How to get even the most reluctant reader to turn pages this summer

By Ann Dolin, M.Ed.

WASHINGTON — Getting your child to engage in learning over the summer can be a tough task, especially if you have a reluctant reader on your hands.  The good news is there are some fun and easy ways to incorporate reading without going overboard.

Here are a variety of suggestions that might just work for your child.

For those who like to read, but not write

Perhaps one of the most important academic activities kids can engage in is reading.  I love the Scholastic website, which allows students to peruse books by reading level and interest. Just click on the age level and interests of your child.

Have a third grader who loves horses?  There’s a book for her.  How about a reluctant eighth grader who finds no joy in reading, but loves cars and motorcycles? There’s a book for him, too.  The key is to allow your child to choose the book or magazine he finds most interesting.

My favorite summer books

Book with no words
The New York Times best-selling “The Book With No Pictures,” by B.J. Novak.

Although the Scholastic site is an easy way to find books by category, keep in mind that the titles you find are only published by Scholastic.  There are lots of other amazing books on the market.

Here are a few of my favorites:

  • “The Book with No Pictures” (preschool, early elementary): This is an unlikely New York Times Best-Seller because the book actually has no pictures. The silly sounds and ridiculous voices have children around the country laughing out loud with every page turned.
  • “Wonder” (middle school students): One of my favorite books of all time, “Wonder,” is a no. 1 New York Times Best-Seller that has captivated over a million readers. It is about a boy who was born with a facial deformity that prevented him from going to school, but in fifth grade he starts at Beecher Prep and wants nothing more than to be treated as an ordinary kid. The story is told from the perspective of the main character but quickly switches to the perspective of his classmates, his sister, her boyfriend and others. These perspectives converge around how young people struggle with empathy, compassion and acceptance. A great read for older elementary students, middle schoolers for sure, and even high schoolers and adults.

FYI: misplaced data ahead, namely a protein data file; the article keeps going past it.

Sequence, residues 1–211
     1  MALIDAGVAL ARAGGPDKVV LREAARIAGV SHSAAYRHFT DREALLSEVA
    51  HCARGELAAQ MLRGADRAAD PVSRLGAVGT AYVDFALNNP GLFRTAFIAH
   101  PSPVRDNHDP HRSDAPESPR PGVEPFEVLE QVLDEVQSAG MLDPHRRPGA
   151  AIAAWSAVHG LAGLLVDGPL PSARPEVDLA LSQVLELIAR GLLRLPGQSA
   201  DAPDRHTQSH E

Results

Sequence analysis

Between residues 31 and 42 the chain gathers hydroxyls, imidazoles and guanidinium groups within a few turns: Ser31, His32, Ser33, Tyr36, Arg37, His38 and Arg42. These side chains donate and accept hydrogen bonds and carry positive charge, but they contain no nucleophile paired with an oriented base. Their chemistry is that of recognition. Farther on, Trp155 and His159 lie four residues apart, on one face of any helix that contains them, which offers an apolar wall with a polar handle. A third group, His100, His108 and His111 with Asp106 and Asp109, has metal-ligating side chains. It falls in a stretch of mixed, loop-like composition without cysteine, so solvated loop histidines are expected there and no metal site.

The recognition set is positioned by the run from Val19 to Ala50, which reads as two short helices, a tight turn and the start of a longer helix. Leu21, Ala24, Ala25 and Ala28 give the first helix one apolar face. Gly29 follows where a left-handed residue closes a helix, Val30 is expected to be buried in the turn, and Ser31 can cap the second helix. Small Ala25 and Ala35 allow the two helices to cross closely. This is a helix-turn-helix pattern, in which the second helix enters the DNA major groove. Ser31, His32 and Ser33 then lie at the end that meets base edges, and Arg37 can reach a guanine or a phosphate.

• Wonder
    “Wonder” is a favorite among children and adults, alike.

    “Paper Towns” (high school students): Written by John Green, the wildly popular author of “The Fault in Our Stars,” this book’s movie adaptation is coming out this summer, meaning it will be a huge hit with teens. It explores topics such as growing up and graduating high school. Plus, it has a sense of mystery to it.

Why Kindle may be better than paperback 

Keep in mind that some students are so averse to reading that they do best by listening to audio books.  This strategy works even better when kids follow along in the hard copy while listening. Some studies show that this improves fluency and comprehension even more than reading the hard copy book alone.

But give your child an iPad or expensive Kindle Fire with all the bells and whistles, and before too long, she could be doing anything but reading. Amazon has just come out with a $99 Kindle reader, a very basic version of the Kindle Fire.  Check out the options.

Now here’s the hard question:  How do you get your child to actually read?

There are a few things you can do.  The first is to dedicate time after dinner for DEAR (Drop Everything and Read).  Put those phones down and turn the TV off so that everyone is reading his own book.

Another idea is to have the whole family read the same book, kind of like a book club.  Be sure that the youngest child can read the book. An easy way to do this is the five-finger rule.  If your child can read one page with no mistakes, the book is probably a bit too easy.  If she misreads one to three words, the book is within her range, but if she misses four or five words on the page, it’s probably too difficult.

And lastly, most kids will want to read before bed.  It’s relaxing.  You may need to get your child started by reading every other page for her.  Once she has a good start, let her go at it alone.

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